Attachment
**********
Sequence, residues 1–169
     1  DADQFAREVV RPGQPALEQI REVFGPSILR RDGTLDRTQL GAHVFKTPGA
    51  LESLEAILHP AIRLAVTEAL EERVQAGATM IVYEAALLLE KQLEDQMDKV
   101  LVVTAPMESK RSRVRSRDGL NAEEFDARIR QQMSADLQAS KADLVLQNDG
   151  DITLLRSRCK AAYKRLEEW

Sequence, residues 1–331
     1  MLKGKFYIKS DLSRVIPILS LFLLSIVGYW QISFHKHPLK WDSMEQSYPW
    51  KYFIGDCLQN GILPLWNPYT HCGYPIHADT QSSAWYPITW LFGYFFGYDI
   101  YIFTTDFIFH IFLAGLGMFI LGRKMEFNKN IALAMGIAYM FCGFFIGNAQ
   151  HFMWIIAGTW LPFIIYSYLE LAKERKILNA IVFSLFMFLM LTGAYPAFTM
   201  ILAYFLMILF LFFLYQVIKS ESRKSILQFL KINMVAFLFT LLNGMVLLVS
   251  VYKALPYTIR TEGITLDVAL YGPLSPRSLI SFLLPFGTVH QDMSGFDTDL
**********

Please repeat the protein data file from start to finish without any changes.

Sequence, residues 1–169
     1  DADQFAREVV RPGQPALEQI REVFGPSILR RDGTLDRTQL GAHVFKTPGA
    51  LESLEAILHP AIRLAVTEAL EERVQAGATM IVYEAALLLE KQLEDQMDKV
   101  LVVTAPMESK RSRVRSRDGL NAEEFDARIR QQMSADLQAS KADLVLQNDG
   151  DITLLRSRCK AAYKRLEEW

Sequence, residues 1–331
     1  MLKGKFYIKS DLSRVIPILS LFLLSIVGYW QISFHKHPLK WDSMEQSYPW
    51  KYFIGDCLQN GILPLWNPYT HCGYPIHADT QSSAWYPITW LFGYFFGYDI
   101  YIFTTDFIFH IFLAGLGMFI LGRKMEFNKN IALAMGIAYM FCGFFIGNAQ
   151  HFMWIIAGTW LPFIIYSYLE LAKERKILNA IVFSLFMFLM LTGAYPAFTM
   201  ILAYFLMILF LFFLYQVIKS ESRKSILQFL KINMVAFLFT LLNGMVLLVS
   251  VYKALPYTIR TEGITLDVAL YGPLSPRSLI SFLLPFGTVH QDMSGFDTDL